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Television

Iris Apfel

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Iris Apfel.
Photograph by Bruce Weber, courtesy of the Peabody Essex Museum.
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JWA use only on jwa.org

Iris Apfel.

Photograph by Bruce Weber, courtesy of the Peabody Essex Museum.

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Mayim Bialik

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Mayim Bialik.
Courtesy of MayimBialik.net
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JWA use only on jwa.org

Mayim Bialik.

Courtesy of MayimBialik.net

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Joan Rivers and Jewish Comedy: A Remembrance

“I am not the ideal Jewish woman,” Joan Rivers admits in a comedy act filmed in the Jewish Women’s Archive film, Making Trouble. “I love to take [my audience] to the edge,” she says.  “I love to get them upset . . . And ruin their value system.” Known for her aggressiveness and her “unkosher” bawdy style, in critic Sarah Cohen’s words, Rivers (nee Joan Molinsky), Phi Beta Kappa Barnard graduate and daughter of a Brooklyn Jewish doctor, performed for over forty years. 

Shari Lewis, 1957

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Puppeteer and producer Shari Lewis with Lamb Chop and Charley Horse in a publicity photo from October, 1957.
Rights
Public Domain
Contributor: Submitter
Benson, Stephen

Puppeteer and producer Shari Lewis with Lamb Chop and Charley Horse in a publicity photo from October, 1957.

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Tziporah H. Jochsberger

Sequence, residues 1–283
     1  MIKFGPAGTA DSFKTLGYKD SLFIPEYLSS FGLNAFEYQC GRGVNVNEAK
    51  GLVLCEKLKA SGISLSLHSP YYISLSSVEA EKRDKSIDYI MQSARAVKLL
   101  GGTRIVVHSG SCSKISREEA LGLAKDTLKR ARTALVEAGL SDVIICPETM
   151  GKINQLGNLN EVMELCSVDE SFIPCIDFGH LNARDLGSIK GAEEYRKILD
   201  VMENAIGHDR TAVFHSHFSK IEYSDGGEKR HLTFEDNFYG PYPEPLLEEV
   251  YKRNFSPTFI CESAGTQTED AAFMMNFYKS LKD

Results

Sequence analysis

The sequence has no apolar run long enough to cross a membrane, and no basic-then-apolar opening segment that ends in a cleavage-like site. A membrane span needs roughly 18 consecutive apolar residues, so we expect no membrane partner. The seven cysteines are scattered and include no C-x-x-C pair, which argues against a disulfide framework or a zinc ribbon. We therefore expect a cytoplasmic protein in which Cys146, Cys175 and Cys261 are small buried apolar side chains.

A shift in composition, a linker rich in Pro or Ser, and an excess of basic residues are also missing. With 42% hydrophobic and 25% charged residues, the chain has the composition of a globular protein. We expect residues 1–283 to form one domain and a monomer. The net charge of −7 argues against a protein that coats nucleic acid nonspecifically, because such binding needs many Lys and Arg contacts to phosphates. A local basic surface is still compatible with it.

Having escaped the Holocaust on the strength of her musical talents, Tziporah H. Jochsberger went on to use music to instill Jewish pride in her students.

Frances Horwich

Frances Horwich was loved by parents and children alike for her educational television show, Ding Dong School.

Frieda Barkin Hennock

The first woman ever appointed to the Federal Communications Commission, Frieda Barkin Hennock argued that women had a disproportionate stake in the media and helped establish public broadcasting.

Eydie Gorme

Eydie Gorme’s regular musical appearances on Steve Allen’s Tonight! Show with her husband, Steve Lawrence, launched their joint careers as the duo responsible for hits like 1963’s “Blame It on the Bossa Nova.”

Dorothy Lerner Gordon

Dorothy Lerner Gordon used radio and television to give children access to literature, music, and news of current events.

Jennie Goldstein

Jennie Goldstein won the hearts of her audiences playing tragic roles in Yiddish melodramas, but when tastes changed, she showed her versatility by playing comic roles with equal skill.

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How to cite this page

Jewish Women's Archive. "Television." (Viewed on May 25, 2016) <http://jwa.org/topics/television>.

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